Fourteen state attorneys general have written to Secretary of Labor Thomas Perez complaining that the  Department of Labor’s proposed “persuader” rule would undermine attorney-client privilege and have requested the rule “be withdrawn as drafted.”

The Labor-Management Reporting and Disclosure Act (LMRDA) requires reporting to the DOL of “[a]ny agreement or arrangement with a labor relations consultant or other independent contractor or organization pursuant to which such person undertakes activities where an object thereof, directly or indirectly, is to persuade employees to exercise or not to exercise, or persuade employees as to the manner of exercising, the right to organize and bargain collectively through representatives of their own choosing….”  Attorneys may be considered consultants under the law.  Exempt from this reporting requirement are situations where the consultant gives or agrees to give “advice” to an employer.  This is the “advice exception.”

The proposed rule, among other things, would severely curtail the advice exception to the reporting requirement, and therefore, limit much of the legal advice now provided by attorneys.  That advice will become reportable if the rule is implemented.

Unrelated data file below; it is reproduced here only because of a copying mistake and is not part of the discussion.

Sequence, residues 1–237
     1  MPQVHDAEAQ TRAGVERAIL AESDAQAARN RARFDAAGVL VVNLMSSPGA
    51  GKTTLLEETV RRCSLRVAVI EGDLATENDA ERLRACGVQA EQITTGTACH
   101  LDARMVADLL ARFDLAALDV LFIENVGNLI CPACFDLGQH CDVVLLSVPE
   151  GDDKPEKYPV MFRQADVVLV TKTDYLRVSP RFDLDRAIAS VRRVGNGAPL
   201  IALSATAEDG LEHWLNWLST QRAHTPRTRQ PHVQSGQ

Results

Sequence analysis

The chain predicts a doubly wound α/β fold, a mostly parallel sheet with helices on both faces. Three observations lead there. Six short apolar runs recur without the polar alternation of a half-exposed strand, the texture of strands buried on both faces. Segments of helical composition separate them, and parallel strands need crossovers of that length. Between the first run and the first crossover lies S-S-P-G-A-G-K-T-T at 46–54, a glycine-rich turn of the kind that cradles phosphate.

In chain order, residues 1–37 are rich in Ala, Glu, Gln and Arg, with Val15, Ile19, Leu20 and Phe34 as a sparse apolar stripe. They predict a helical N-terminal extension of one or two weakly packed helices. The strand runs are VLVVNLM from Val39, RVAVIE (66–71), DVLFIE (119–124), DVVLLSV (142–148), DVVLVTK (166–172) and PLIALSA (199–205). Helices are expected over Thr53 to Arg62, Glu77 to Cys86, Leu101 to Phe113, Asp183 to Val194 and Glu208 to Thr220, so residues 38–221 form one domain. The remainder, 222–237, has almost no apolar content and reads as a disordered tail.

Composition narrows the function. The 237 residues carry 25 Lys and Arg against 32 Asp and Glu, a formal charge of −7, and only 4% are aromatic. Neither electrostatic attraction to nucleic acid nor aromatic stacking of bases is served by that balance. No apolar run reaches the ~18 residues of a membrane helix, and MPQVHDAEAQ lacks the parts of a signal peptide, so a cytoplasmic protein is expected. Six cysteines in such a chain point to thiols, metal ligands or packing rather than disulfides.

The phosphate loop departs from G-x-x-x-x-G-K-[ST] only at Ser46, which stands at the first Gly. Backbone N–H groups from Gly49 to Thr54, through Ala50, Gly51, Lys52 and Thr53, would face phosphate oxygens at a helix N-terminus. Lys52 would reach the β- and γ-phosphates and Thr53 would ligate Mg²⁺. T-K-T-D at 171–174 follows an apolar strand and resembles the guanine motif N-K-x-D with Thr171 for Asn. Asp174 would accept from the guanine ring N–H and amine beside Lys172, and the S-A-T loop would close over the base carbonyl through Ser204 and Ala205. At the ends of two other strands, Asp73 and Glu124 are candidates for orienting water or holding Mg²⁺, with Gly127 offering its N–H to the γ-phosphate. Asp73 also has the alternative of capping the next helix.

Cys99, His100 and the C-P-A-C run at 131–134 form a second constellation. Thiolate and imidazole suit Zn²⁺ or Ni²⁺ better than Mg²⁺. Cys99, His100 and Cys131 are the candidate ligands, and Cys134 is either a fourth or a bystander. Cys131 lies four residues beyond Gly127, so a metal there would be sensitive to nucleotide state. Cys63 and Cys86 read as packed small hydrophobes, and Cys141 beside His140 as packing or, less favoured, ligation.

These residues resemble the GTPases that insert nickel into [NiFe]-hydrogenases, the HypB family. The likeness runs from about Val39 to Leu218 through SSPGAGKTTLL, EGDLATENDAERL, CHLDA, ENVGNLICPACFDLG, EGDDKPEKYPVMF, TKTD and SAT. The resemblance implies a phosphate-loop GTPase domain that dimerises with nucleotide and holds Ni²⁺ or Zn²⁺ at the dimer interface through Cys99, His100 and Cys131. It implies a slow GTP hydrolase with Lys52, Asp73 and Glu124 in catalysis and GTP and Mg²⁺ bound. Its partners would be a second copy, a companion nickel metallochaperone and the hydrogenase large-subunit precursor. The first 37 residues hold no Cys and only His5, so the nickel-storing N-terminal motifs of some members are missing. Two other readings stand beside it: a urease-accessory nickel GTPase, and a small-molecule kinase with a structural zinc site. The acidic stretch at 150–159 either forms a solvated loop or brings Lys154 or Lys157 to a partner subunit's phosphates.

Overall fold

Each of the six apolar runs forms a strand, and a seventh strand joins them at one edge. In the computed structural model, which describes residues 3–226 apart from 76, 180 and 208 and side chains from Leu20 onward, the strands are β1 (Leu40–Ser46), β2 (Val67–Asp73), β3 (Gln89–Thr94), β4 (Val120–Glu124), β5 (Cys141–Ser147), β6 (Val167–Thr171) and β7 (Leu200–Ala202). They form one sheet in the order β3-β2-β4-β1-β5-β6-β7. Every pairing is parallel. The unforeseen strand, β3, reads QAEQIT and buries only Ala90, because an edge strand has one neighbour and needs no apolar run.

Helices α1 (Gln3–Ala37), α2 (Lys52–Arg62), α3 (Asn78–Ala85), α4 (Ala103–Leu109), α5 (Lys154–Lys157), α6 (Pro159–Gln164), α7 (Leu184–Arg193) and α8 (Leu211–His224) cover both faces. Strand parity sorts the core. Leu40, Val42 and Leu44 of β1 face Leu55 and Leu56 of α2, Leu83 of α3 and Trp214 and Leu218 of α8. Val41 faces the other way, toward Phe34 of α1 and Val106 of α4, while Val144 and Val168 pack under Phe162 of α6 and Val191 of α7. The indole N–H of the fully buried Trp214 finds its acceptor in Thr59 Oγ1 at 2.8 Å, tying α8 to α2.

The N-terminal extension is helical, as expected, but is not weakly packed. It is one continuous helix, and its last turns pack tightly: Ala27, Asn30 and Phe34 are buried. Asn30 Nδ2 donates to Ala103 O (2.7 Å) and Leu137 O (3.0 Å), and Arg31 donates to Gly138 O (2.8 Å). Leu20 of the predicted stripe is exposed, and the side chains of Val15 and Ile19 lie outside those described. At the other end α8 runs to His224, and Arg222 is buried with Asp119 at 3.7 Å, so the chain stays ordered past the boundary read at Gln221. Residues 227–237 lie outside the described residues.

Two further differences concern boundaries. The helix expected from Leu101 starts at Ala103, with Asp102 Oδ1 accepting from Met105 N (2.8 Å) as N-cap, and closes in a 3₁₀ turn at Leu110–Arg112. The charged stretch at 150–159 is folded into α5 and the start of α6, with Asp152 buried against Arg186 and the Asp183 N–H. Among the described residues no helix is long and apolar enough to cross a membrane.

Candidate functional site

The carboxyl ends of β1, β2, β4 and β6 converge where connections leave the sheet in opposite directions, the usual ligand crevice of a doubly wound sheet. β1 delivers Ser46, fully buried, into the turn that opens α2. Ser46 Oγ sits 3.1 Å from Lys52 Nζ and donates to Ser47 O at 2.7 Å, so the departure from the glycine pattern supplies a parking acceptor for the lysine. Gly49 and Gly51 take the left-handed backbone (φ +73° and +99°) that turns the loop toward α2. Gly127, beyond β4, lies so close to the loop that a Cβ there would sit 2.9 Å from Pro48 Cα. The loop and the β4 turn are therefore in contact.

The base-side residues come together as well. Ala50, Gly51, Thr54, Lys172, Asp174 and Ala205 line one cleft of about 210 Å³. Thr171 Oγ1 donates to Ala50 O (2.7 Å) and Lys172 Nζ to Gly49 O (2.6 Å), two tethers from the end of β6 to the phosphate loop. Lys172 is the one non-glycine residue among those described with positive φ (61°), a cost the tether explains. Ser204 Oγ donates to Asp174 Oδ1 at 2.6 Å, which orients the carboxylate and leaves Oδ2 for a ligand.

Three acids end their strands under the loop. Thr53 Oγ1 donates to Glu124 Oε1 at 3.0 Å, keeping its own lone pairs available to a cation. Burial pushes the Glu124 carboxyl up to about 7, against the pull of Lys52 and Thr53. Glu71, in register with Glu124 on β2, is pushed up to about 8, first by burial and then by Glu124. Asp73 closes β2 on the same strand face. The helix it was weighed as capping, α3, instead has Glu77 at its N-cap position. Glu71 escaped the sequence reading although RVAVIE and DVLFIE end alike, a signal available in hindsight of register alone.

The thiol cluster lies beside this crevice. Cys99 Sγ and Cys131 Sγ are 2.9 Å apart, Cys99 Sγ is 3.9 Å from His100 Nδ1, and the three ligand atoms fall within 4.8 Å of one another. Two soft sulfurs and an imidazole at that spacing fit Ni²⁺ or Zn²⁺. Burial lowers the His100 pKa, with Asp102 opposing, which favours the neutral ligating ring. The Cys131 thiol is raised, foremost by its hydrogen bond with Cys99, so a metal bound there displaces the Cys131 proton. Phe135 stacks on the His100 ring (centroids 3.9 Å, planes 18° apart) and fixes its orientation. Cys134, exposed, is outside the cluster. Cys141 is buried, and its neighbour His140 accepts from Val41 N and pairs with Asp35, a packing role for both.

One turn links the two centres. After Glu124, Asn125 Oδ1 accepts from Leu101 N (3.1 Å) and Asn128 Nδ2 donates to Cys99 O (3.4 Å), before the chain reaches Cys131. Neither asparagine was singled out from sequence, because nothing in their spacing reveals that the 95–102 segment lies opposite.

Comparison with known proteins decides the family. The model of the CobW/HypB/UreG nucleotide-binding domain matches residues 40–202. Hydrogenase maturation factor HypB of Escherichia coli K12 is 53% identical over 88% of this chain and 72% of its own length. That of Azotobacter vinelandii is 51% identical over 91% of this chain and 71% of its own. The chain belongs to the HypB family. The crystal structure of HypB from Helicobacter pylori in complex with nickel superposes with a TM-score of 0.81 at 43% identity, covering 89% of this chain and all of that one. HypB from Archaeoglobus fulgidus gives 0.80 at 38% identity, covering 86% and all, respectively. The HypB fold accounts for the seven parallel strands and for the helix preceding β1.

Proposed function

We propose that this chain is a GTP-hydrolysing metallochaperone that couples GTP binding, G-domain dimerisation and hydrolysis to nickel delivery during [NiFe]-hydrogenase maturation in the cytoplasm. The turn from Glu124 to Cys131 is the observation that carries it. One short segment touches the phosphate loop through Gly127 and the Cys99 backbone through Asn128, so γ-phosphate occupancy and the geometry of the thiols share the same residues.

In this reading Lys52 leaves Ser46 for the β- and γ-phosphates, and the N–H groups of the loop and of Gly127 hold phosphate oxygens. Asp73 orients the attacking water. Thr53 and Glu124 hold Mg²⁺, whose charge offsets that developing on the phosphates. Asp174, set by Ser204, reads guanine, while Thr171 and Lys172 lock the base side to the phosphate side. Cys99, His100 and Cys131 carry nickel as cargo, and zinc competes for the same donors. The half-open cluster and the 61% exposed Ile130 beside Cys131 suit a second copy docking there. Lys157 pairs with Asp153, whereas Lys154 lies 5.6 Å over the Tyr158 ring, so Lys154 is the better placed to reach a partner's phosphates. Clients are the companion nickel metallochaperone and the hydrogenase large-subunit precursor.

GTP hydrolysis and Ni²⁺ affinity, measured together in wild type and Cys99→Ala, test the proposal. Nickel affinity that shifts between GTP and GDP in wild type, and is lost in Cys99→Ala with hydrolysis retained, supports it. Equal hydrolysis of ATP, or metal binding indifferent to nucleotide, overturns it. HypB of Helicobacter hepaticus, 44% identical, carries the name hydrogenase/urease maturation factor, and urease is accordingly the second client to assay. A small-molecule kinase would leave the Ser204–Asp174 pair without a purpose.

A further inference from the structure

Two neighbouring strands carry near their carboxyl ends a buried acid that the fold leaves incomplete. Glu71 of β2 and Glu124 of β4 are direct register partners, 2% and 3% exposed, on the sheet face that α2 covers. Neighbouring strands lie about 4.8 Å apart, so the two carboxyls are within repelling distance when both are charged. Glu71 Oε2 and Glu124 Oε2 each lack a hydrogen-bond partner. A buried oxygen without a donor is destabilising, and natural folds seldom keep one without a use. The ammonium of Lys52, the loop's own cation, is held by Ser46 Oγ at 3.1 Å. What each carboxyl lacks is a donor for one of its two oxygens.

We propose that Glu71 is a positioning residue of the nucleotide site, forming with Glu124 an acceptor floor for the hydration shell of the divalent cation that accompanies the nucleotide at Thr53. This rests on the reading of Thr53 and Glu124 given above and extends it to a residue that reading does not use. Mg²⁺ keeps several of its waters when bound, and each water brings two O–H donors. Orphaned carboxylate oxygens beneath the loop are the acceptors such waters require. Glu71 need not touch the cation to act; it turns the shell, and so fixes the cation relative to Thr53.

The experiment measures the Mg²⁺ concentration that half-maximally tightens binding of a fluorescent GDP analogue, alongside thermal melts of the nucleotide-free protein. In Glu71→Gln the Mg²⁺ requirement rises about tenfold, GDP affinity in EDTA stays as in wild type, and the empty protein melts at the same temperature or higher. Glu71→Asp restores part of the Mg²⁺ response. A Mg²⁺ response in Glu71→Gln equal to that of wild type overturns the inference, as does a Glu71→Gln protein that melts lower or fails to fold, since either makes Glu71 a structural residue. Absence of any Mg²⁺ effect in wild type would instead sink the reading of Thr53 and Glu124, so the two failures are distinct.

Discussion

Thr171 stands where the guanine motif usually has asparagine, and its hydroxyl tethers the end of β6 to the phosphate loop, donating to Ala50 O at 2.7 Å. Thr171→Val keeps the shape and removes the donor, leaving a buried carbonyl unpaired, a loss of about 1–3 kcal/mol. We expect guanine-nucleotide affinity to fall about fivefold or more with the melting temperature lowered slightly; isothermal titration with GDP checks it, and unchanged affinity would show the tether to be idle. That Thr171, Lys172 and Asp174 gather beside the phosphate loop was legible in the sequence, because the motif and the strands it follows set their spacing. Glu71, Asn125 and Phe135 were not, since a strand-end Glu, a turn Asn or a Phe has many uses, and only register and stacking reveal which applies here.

The attorneys general expressed concern that the rule is overly broad and  may discourage employers from seeking legal representation.  They wrote,

“[t]his new rule…would dramatically change well-established precedent by requiring the reporting of advice related to persuasion of employees, regardless of whether the lawyers who provide the advice communicate with anyone other than their employer-clients.”

The letter echoes similar concerns raised by the American Bar Association in 2011.

The rule was scheduled to take effect in March 2014, but the effective date has been postponed indefinitely. See U.S. Department of Labor Delays Implementation of the Revised ‘Persuader’ Rule.